By Debbie Gregory.
For the third time in two months, the U.S. Navy has seized an illicit shipment of arms, including machine guns and rocket-propelled grenade launchers, that officials said originated in Iran and were intended for rebels in Yemen.
Iran backs the Shiite Houthi rebels in Yemen, who are fighting the internationally recognized government, which is backed by a coalition led by Saudi Arabia, Iran’s chief rival in the region.
The USS Sirocco, a coastal patrol ship, along with the USS Gravely, a larger guided-missile destroyer, seized the weapons on March 28th from a small craft known as a dhow. The cache included some 1,500 Kalashnikov rifles, 200 rocket-propelled grenade launchers and 21 .50-caliber machine guns. The dhow and its crew were allowed to depart once the weapons were seized.
Retired Navy Adm. Jim Stavridis, who led a carrier strike group in the Persian Gulf at the start of the Iraq and Afghanistan wars, said the Persian Gulf, Strait of Hormuz and northern Arabian Sea have been hotbeds of smuggling for many years.
“Our naval forces, and those of our partners, will continue to conduct maritime security operations in the region in order to disrupt the flow of illicit weapons to Houthi insurgents in Yemen,” said Cmdr. Kevin Stephens, a Navy spokesman in the Middle East. Earlier seizures included the Royal Australian Navy’s seizure of nearly 2,000 Kalashnikov rifles, 100 RPG launchers, 49 PKM machine guns, 39 PKM machine gun barrels and 20 60mm mortar tubes, and the French navy destroyer FS Provence’s seizure of approximately 2,000 Kalashnikov rifles, 64 Dragunov marksman rifles, and nine antitank missiles.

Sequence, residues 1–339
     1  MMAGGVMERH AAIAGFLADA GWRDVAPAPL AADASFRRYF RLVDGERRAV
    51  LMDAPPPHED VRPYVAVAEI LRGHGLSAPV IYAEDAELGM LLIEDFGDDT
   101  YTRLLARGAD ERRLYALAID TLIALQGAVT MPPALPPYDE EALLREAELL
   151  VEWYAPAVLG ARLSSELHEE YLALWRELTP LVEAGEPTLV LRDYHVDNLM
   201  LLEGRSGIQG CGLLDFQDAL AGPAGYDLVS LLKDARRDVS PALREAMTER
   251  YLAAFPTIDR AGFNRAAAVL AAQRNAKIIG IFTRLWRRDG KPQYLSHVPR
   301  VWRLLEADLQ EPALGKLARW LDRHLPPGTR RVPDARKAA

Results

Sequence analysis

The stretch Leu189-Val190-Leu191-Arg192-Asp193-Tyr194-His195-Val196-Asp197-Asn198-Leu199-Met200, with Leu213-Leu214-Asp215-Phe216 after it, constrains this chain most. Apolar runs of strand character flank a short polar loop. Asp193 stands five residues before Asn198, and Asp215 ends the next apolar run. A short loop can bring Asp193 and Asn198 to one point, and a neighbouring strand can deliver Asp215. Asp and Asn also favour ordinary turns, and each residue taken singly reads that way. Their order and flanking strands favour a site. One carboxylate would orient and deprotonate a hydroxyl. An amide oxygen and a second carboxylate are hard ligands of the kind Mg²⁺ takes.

The ships are part of the Combined Maritime Forces led by Adm. Kevin Donegan, the commander of U.S. Naval Forces Central Command.